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July 28, 2010

How to transform store-bought broth into great soup stock

How to make a great soup stock from store-bought broth. 

When you want to make your own soup stock, but don't have chicken carcasses or fish heads or beef marrow bones in your refrigerator, give store-bought broth from the pantry a homemade, long-simmered taste -- in an hour or less. The "enhanced" stock, made on the stove top or in a slow cooker, will keep in the refrigerator for a couple of days, or in the freezer for several months. And nobody will know that you didn't start from scratch. Really, it's amazing what a few fresh herbs and vegetables can do.

How to transform store-bought broth into great soup stock

This recipe, adapted from Soup's On!, makes 4 cups of stock.

Ingredients

10 oz chicken broth, beef broth, clam juice or vegetable broth
3 stalks celery, with leaves, thinly sliced
2 carrots, thinly sliced
1 onion (or leek), thinly sliced
1/2 fennel bulb, thinly sliced
10 sprigs flat-leaf parsley
1 dried bay leaf
2-3 sprigs fresh thyme
3-4 cremini mushrooms (for beef or vegetable broth variations only)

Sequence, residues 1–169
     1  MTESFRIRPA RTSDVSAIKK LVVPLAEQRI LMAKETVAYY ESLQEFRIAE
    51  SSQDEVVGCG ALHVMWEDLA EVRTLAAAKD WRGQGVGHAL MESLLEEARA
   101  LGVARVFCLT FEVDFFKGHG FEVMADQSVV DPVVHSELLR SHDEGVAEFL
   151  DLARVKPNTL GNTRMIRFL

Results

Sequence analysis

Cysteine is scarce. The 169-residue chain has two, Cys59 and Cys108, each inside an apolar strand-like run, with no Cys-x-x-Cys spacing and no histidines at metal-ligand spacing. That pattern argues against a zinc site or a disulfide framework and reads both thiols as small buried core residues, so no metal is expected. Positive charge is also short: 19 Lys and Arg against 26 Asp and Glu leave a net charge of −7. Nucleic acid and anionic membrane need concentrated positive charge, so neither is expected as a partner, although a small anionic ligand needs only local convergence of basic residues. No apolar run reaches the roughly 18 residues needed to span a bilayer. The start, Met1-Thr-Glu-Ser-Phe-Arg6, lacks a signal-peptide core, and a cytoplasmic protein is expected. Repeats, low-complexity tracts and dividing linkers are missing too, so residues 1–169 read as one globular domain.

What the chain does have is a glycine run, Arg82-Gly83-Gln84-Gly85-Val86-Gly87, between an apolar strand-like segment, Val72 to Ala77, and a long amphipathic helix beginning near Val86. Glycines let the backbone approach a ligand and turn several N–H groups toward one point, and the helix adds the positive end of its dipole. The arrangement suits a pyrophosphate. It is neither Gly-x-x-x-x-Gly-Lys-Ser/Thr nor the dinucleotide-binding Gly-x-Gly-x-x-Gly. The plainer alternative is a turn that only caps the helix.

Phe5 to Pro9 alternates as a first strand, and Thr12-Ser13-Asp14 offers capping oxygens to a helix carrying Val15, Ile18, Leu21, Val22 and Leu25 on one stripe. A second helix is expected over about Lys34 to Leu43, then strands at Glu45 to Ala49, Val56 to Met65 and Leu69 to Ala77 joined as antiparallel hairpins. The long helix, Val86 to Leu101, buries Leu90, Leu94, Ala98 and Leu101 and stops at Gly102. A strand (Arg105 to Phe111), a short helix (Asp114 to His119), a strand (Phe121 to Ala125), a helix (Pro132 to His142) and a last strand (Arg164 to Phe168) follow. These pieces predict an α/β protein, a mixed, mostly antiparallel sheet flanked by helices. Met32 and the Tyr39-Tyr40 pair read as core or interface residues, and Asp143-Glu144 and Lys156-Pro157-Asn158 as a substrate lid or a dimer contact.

Directions

Stove top: Put all of the ingredients in a medium stockpot. Add 1 quart of cold water. Bring to a boil, then reduce heat and simmer until the flavors have melded, about 25 minutes.

Slow cooker: Put all of the ingredients, plus 1 quart of cold water, in a small (3-4 quart) slow cooker. Set on HIGH and cook for 1 hour, or until the flavors have melded.

Both methods: Strain the stock through a sieve or colander set over a large bowl. Discard the solids and let the liquid cool to room temperature. Use right away, or transfer to an airtight container for storage in the refrigerator or freezer.

Print recipe only.

Comments

1
Posted by: Meeta | July 29, 2010 at 03:04 AM

yes! this is the best way to go when in a rush! lydia great tip.

2
Posted by: CJ McD | July 29, 2010 at 09:52 AM

That's what I do to doctor up store bought broth too! Only, I cut the vegetables into 1 inch chunks instead of slicing thinly. Saves a little labor and the fresh flavor is still extracted with the hour long simmer time. I usually toss a clove of garlic and some peppercorns in too.

Glad you posted this. It's a great tip/trick!

3
Posted by: Karina | July 29, 2010 at 08:56 PM

Clever. I love tips like this. Great stuff, Lydia.

4
Posted by: Lydia | July 30, 2010 at 08:28 AM

Meeta, I agree! You can really fix up the store-bought broth.

CJ, garlic is a good addition, especially for the vegetable broth. You can also make it more Asian by adding fresh ginger root.

Karina, thanks so much. I love taking a bit of help from the market sometimes.

5
Posted by: Serena @ Seriously Soupy | August 14, 2010 at 03:47 PM

wow, these are great tips. I can't wait to try them!

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  • I'm Lydia Walshin, a longtime food writer who lives and cooks in a real log house. If I could, I'd eat Chinese noodles, grapes, ice cream and soup every day.
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